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Revitalizing membrane rafts:
new tools and insights

Kai Simons and Mathias J. Gerl

Abstract | Ten years ago, we wrote a Review on lipid rafts and signalling in the launch issue of Nature Reviews MolecularCell Biology. At the time, this field was suffering from ambiguous methodology and imprecise nomenclature. Now, new techniques are deepening our insight into the dynamics of membrane organization. Here, we discuss how the field has matured and present an evolving model in which membranes are occupied by fluctuating nanoscale assemblies of sphingolipids, cholesterol and proteins that can bestabilized into platforms that are important in signalling, viral infection and membrane trafficking.


Caveola
A 50–80‑nm, flask‑shaped pit that forms in the plasma membrane and is enriched in caveolins, cavins, sphingolipids and cholesterol.


























Max Planck Institute of Cell Biology and Genetics, Pfotenhauerstraβe 108,01307 Dresden, Germany.
e-mails: simons@mpi-cbg.de;
gerl@mpi-cbg.de
doi:10.1038/nrm2977
Cell membranes contain hundreds of lipids in two asym- metric leaflets1 and a plethora of proteins. For several decades, membrane research was dominated by the idea that proteins were the key factors for membrane functionality, whereas lipids were regarded as a passive, fluidsolvent2. Introducing the lipid raft concept in 1997, we postulated that sphingolipid–cholesterol–protein assemblies could function in membrane trafficking and signalling3. These assemblies, or rafts, were thought to be characterized by their tight lipid packing, similar to the sterol-dependent, liquid-ordered phase in model membranes. The novelty of the raft concept was that it brought lipids back intothe picture by giving them a function and by introducing chemical specificity into the lateral heterogeneity of membranes.
When we wrote our first Review in this journal4, the emerging raft field had become increasingly confused by ambiguous methodology and imprecise nomencla-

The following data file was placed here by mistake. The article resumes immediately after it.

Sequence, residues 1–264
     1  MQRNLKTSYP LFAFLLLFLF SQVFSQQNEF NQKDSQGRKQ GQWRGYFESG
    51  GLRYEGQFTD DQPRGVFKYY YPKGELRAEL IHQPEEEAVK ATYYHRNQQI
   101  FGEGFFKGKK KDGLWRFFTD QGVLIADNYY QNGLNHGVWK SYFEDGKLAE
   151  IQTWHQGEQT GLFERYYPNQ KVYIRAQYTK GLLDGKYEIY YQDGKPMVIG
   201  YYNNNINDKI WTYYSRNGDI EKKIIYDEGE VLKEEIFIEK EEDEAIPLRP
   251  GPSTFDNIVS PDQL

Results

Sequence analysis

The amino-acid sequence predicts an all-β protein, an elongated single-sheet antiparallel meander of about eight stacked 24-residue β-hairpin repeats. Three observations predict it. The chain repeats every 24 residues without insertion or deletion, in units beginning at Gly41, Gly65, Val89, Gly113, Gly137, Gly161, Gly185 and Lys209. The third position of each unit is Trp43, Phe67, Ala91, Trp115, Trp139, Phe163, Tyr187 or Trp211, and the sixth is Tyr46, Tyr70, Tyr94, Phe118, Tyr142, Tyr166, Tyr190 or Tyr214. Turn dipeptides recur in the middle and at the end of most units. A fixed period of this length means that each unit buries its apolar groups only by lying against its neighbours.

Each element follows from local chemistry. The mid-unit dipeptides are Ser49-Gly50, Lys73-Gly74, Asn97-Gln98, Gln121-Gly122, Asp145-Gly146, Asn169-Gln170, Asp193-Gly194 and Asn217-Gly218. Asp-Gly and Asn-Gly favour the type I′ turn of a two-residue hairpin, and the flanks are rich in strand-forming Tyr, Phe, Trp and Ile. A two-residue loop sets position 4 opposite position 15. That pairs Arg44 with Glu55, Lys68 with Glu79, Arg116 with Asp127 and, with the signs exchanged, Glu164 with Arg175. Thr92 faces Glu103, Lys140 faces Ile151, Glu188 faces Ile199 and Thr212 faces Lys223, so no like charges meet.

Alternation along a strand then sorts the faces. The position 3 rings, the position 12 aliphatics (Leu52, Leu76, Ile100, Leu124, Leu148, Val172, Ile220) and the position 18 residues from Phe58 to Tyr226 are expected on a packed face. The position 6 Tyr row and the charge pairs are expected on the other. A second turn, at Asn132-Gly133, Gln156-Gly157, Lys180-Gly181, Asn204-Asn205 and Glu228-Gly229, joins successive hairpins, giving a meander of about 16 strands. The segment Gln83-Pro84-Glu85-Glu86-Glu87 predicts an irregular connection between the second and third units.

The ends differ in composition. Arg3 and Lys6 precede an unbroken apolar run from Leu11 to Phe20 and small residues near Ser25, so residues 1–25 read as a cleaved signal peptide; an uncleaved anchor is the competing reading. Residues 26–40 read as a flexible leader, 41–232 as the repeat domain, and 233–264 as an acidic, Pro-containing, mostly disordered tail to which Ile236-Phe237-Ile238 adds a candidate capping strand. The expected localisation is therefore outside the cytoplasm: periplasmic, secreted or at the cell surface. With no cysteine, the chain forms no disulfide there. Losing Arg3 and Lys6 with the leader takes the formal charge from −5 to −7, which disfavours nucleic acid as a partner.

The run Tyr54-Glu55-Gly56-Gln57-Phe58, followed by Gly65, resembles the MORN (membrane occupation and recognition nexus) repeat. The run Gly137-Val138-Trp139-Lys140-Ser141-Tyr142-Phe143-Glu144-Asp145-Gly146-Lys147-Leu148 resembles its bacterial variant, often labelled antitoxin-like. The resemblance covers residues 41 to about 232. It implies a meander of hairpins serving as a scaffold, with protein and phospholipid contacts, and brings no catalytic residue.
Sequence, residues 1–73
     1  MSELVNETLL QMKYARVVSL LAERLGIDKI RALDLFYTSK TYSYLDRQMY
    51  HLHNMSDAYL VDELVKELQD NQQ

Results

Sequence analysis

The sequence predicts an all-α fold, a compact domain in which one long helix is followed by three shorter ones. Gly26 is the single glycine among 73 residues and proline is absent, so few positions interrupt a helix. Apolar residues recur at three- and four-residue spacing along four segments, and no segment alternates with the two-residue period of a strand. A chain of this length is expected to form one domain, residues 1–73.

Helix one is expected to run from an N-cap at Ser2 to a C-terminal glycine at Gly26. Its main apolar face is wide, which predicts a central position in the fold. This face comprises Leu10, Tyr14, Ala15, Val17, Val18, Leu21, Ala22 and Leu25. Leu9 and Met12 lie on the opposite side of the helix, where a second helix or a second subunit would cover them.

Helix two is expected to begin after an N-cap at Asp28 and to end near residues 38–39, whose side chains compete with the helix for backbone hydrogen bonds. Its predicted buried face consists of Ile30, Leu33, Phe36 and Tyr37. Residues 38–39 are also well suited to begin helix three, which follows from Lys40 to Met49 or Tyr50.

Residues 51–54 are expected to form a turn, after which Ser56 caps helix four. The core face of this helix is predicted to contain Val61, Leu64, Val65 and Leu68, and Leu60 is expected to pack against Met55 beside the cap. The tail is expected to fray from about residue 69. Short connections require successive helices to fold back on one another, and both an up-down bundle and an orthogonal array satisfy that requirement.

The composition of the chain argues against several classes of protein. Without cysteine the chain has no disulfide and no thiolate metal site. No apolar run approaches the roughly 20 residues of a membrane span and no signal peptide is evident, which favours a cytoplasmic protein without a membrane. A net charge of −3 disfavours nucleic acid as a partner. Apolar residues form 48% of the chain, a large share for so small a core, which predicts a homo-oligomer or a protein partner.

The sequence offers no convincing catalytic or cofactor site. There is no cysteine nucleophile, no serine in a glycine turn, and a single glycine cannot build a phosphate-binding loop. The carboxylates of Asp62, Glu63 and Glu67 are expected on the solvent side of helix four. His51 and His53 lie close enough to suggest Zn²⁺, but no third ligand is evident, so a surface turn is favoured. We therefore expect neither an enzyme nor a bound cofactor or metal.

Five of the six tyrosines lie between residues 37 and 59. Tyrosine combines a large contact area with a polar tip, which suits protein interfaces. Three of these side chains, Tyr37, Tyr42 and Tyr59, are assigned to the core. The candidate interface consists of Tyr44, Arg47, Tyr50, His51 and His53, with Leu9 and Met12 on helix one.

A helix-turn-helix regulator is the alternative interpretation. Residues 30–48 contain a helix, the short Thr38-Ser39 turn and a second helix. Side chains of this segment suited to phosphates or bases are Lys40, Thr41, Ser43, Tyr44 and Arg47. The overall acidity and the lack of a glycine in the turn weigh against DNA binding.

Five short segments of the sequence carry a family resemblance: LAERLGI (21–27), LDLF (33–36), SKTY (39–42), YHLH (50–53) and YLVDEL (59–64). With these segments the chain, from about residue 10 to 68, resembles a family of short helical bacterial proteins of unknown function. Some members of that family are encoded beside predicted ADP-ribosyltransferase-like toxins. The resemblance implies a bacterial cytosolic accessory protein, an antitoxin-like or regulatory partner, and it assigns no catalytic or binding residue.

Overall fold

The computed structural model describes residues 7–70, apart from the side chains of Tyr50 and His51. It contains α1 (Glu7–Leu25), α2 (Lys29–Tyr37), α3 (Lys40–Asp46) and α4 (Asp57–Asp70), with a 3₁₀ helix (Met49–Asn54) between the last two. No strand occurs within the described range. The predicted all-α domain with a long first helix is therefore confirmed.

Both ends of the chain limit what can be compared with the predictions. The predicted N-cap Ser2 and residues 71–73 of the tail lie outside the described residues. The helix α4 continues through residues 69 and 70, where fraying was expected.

ture. Caveolae, for example, became synonymous with
rafts but clearly represented only a subset of membraneassemblies defined by the action of the protein caveo- lin5. Complicating matters further was the size of the sphingolipid–cholesterol–protein assemblies being studied, which were below the resolution of light micro- scopy. Only after cross-linking did raft proteins and lipid constituents cluster together to form micrometre-size, quilt-like patches.
Our focus in the first Review was to emphasize thatrafts are small and dynamic and can be stabilized to form larger microdomains that function in membrane trafficking and signalling. We proposed that three types of assembly should be recognized in cell mem- branes — rafts, clustered rafts and caveolae (a subset of clustered rafts) — and that the residue remaining insoluble after detergent extraction should be called
detergent-resistant membrane(DRM) fractions. We also summarized the tools that were available for defin- ing rafts and discussed their strengths and shortcom- ings. Obviously, what was known about lipid rafts and membrane organization at the time was dependent on the available methodology.
The rationale of the present Review is to summa- rize where we stand today and to highlight the impor- tant role that new technologyhas had in moving the
field forwards (BOX 1). We describe how membrane
rafts are now defined as dynamic, nanoscale, sterol–
sphingolipid-enriched, ordered assemblies of proteins and lipids, in which the metastable raft resting state can be stimulated to coalesce into larger, more stable raft domains by specific lipid–lipid, protein–lipid and protein–protein oligomerizing interactions (FIG....
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